BECQ’s Benavente is certified for erosion control

Environmental engineer James Benavente of the Bureau of Environmental and Coastal Quality was recently certified for erosion and sediments control, further buttressing efforts to regulate earthmoving activities in the CNMI.

“BECQ is proud to share in Mr. Benavente’s accomplishment in becoming a certified professional in erosion and sediments control,” said Ray Masga, director of Environmental Quality. “This increased skill set will benefit the rest of our team.”

Erosion and sediments control encompasses several earthmoving activities, which include anything that disturbs or alters the surface of the land, a coral reef, the bottom of a lagoon, or ocean floor, including but not limited to excavations, dredging, embankments, land reclamation in a lagoon, land development, subdivision development, mineral extraction, ocean disposal and the moving, depositing or storing of soil, rock, coral, earth or sand mining.

“This is an enormous undertaking that requires advanced knowledge to ensure the protection of the environment and preservation of resources and we are more than confident in our team’s abilities,” Masga said.

He said that BECQ’s ongoing trainings build capacity for the agency and strengthens their roles in carrying out the mission to protect public health and the island environment much more effectively.

Earthmoving and erosion control program is responsible for establishing certain minimum standards and requirements as determined by DEQ necessary for controlling nonpoint source runoff from human related activities, such as land clearing.

Early last month, Janice Castro, acting director for Coastal Resources Management, discussed non-point source pollution and training on low volume roads, a concern worsened by heavy rainfall and man-made pollutants carried to coastal areas by runoff.

“We want to reiterate that erosion and sediment control is an ongoing concern and we continue to address this challenge with trainings in assessing road design and maintenance opportunities in the field. Along with interagency collaboration, we can continue the momentum to identify and address low volume road management challenges moving forward,” Castro said.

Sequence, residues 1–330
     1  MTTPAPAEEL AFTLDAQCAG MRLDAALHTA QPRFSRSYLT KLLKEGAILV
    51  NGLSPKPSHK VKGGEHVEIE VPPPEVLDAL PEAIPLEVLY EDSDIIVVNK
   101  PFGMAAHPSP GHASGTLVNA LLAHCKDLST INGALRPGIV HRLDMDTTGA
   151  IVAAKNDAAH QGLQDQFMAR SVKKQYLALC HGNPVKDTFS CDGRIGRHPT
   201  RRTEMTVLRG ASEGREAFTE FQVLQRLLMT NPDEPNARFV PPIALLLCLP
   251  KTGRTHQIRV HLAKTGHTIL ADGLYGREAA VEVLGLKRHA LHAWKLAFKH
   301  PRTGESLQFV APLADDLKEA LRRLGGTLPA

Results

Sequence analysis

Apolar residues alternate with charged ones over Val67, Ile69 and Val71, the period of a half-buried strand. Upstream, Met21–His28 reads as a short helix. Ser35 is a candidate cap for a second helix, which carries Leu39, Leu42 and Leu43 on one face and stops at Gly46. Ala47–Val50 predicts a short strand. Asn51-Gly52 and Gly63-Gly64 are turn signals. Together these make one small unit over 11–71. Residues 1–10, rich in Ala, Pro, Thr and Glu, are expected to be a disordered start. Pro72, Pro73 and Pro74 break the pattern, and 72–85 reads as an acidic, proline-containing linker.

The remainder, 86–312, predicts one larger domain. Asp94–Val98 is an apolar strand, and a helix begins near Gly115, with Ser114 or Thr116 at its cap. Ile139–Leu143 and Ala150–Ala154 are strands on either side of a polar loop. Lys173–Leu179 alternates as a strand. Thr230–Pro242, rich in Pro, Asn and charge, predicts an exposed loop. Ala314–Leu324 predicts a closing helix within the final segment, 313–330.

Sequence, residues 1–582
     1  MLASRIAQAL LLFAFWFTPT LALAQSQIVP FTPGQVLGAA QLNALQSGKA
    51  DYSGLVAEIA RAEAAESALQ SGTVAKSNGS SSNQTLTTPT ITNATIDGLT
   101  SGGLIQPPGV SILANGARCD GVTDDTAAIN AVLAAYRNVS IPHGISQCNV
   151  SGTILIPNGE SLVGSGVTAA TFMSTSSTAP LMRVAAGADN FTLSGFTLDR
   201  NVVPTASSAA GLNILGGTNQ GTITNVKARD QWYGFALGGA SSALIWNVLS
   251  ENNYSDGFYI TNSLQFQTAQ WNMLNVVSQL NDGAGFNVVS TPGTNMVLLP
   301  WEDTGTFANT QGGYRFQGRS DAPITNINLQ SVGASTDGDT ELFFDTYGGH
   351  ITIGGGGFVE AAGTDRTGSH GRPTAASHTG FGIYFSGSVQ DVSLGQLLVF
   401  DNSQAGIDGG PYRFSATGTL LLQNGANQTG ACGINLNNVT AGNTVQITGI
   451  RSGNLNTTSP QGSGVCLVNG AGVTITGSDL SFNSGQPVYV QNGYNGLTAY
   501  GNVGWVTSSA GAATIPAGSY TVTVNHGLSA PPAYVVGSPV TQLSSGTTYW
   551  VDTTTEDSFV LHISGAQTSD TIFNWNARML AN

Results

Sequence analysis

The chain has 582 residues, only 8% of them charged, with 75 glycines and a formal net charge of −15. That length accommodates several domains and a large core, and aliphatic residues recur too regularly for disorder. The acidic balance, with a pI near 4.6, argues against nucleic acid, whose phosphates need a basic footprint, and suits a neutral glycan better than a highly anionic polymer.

Benavente noted that erosion controls are methods or measures used to minimize erosion, runoff and sedimentation.

“When silt and particles end up in the ocean, they affect our coral reef, and our job is to minimize impact as much as possible.

“Every time you kill off vegetation, you expose these areas to erosion and most of our storm water is discharged into the ocean, so being knowledgeable in sediment control will definitely help with prevention.

“In fact, through the one-start permitting process, when a developer proposes a sound, environmentally-responsible design, erosion and sediments control can actually be enhanced.

“In terms of soil erosion, which is an important social and economic problem and an essential factor in assessing ecosystem health and function, estimates of erosion are essential to issues of land and water management, including sediment transport and storage in lowlands, reservoirs, and most especially our precious lagoon,” Benavente said, adding that at the end of the day, these resources must be protected.

Gov. Ralph DLG Torres said that improvement of methods and management practices is necessary to increase the standards of achieving water quality protection, preventing accelerated stream channels, preventing erosion, reducing flooding threats, and preserving sensitive habitats.

“I commend BECQ for building on regulatory knowledge to protect our natural resources. I am very proud to see that we have a knowledgeable engineer on board who has taken the next step to become certified in erosion and sediments control. The knowledge held by our team will go a long way in safeguarding our resources.

“Safeguarding will require ongoing improvement and adoption of best practices that can used by our engineers, plan reviewers and the community. Implementation and enforcement is only as successful as our understanding of environmental and coastal limitations and the impact of human activity.

“I thank Mr. Benavente and the entire division for their foresight which will definitely benefit and improve our Inter-Agency One-Start Earthmoving and Erosion Control permitting process,” Torres said.

The Division of Environmental Quality Wastewater, Earthmoving and Erosion Control branch protects public health and the environment by minimizing negative impacts to CNMI soil surface and groundwater resources through enforcement of local and federal environmental regulations. This branch is responsible for controlling runoff from human-related activities, ensuring proper design, construction and application of approved on-site wastewater disposal systems, responding to complaints on illegal or unpermitted land clearing, issuing notices of violations and administrative orders and promoting public education and awareness. (PR)

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